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Sikhs pray around smoldering temple ruins

The sound of firefighters shooting water onto the smoldering wood frame of the Sikh Cultural Society could not drown out the voices of hundreds of Sikhs who gathered in the street to pray Friday night in the shadow of their temple.

Sitting cross-legged on squares of plywood donated by a local businessman, more than 200 Sikhs transformed 97th Avenue between 117th and 118th streets into a gurdwara, unwilling to let the fire that devastated their temple stop their Friday night service.

Giani Hardev Singh, the temple’s head priest, led the session, surrounded by young boys who sang hymns from the Sikh holy book, known as the Guru Granth Sahib. The sound of an accordion-like instrument called a harmonium could be heard above the smattering of water hitting the temple.

“The building is burning, but our prayers continue,” said Gurnam Singh following the service. “We’re praying to God to give us enough strength so we can overcome what happened.”

On Sunday, Sikhs took their prayers to the gymnasium of nearby St. Benedict Joseph Labre Parish school.

The daylong service began in a peaceful manner but was interrupted near the end by a disturbance apparently sparked by a longstanding dispute between two men. Later that night a car belonging to the president of the Sikh Cultural Society was fired on by a B.B. gun.

In keeping with their tradition of eating before prayer, the Sikh volunteers cooked up huge pots of spicy lentils, which were served with steaming roti to worshipers in a gymnasium balcony.

Gurbux Singh and his son Jagdeep Singh, who less than two days earlier had jumped to safety from a second-floor window of the burning temple, sat on stage playing instruments and singing hymns as a steady stream of worshipers filled the gymnasium.

Harnam Singh Khalsa, a priest who escaped the fire, offered words of comfort to the worshipers.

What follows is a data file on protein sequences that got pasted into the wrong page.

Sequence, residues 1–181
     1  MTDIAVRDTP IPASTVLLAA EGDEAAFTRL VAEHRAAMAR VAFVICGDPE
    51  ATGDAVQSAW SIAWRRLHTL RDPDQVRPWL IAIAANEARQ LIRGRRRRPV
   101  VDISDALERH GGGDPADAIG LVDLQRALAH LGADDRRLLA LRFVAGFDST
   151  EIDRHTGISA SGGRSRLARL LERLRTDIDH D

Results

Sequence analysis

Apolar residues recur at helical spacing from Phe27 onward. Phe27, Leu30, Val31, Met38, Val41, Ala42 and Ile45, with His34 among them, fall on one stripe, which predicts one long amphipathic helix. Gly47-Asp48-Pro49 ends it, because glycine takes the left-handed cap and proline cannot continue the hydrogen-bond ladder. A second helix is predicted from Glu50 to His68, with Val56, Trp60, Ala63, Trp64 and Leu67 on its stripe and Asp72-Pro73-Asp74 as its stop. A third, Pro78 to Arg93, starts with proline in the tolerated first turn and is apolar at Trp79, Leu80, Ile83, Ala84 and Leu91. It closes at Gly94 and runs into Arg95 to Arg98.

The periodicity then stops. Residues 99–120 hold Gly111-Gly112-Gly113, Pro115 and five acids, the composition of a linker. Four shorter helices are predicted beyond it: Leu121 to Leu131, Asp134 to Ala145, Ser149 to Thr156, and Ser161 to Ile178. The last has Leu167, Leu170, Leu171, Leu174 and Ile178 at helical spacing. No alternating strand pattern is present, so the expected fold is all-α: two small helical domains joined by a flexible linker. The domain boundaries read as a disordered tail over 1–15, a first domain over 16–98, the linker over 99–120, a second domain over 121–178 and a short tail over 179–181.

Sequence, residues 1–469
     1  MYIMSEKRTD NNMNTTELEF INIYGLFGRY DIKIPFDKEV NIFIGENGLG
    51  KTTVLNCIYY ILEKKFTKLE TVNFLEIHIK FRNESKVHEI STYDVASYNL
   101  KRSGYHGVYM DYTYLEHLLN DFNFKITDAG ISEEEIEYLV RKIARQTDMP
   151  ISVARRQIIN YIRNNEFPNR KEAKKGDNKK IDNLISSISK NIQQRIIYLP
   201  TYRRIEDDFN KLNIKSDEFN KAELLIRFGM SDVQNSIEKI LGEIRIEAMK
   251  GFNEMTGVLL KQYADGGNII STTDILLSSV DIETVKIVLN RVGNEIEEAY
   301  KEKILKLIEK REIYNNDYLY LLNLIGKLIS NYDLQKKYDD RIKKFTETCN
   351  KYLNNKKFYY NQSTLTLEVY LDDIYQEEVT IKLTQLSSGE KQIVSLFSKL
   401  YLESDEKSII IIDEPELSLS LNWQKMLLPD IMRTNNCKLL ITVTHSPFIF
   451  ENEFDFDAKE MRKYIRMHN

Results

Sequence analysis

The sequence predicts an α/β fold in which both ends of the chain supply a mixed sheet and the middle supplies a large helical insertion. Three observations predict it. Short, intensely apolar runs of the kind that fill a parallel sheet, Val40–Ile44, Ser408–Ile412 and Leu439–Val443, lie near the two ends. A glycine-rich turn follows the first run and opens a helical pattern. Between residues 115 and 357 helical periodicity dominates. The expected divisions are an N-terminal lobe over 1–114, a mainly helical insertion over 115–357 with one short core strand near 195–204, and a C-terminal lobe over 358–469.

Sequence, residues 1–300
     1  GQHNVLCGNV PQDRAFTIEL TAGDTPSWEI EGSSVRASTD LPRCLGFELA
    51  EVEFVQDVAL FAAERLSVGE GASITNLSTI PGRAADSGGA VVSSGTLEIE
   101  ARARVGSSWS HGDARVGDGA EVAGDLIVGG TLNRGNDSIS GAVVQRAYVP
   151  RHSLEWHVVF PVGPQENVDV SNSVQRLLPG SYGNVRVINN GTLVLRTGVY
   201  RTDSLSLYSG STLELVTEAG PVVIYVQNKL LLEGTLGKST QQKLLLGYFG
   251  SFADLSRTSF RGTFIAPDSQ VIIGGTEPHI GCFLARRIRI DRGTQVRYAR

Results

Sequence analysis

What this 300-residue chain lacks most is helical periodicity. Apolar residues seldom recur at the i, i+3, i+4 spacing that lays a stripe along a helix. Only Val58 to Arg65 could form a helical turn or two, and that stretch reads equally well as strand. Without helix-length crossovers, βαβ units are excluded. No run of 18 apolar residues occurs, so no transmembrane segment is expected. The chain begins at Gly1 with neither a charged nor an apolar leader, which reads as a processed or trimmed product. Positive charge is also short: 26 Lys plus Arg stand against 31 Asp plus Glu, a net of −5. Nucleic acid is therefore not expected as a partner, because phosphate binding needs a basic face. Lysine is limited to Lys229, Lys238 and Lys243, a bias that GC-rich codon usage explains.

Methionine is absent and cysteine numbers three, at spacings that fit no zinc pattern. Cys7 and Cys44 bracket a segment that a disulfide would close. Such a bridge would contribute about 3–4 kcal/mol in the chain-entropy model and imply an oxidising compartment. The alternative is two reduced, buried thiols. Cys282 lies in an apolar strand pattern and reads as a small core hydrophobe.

“You came over here with so much pain, but you came,” he told the crowd in Punjabi. “You’re sharing the pain with all the community and thinking about how the gurdwara will be rebuilt.”

Emotions have been running high within the Sikh community since Friday. The peaceful service was cut short toward the end by a fight that broke out during a speech by Dr. Amarjit Singh, a retired professor visiting from Washington, D.C.

He compared the Sikhs and their gurdwara to the mythical phoenix, saying they would rise from the ashes. But he was interrupted by society members Kabul Singh and Harbhajan Singh Dhillon, who grabbed the microphone, calling him a traitor.

A shoving match ensued and a crowd quickly gathered around the podium, trying to break up the clash. Women grabbed their children and ran toward the back of the room. As chaos gripped the gymnasium floor, 10 teenage girls who had been sitting on stage began signing kirtans, or traditional songs. With tears streaming down their faces, they raised their voices, striving to be heard above the commotion on the floor.

Witnesses said the fight stemmed from a longstanding dispute between Dhillon and Amarjit Singh but would not elaborate.

On Sunday night, somebody shot out three windows of Sikh Cultural Society President Bulwinder Singh’s Lincoln Navigator with a B.B. gun, police said, but it was not clear if that incident was related to the gymnasium brawl.

Meanwhile, even as Sikhs prayed in temporary venues, leaders of the Sikh Cultural Society were making plans to return services to the temple grounds. As soon as fire officials declared the area safe, officials said they planned to set up a permanent tent structure in an empty lot behind the temple’s charred remains.

But Harnam Singh Khalsa was looking forward to a new, permanent spiritual home.

“You should not worry about how the gurdwara will be made,” he said to the worshipers crowding the gymnasium floor. “God will help us. He will see that this gurdwara comes up more magnificently.”

Reach reporter Daniel Massey by e-mail at or call 229-0300, Ext. 156.

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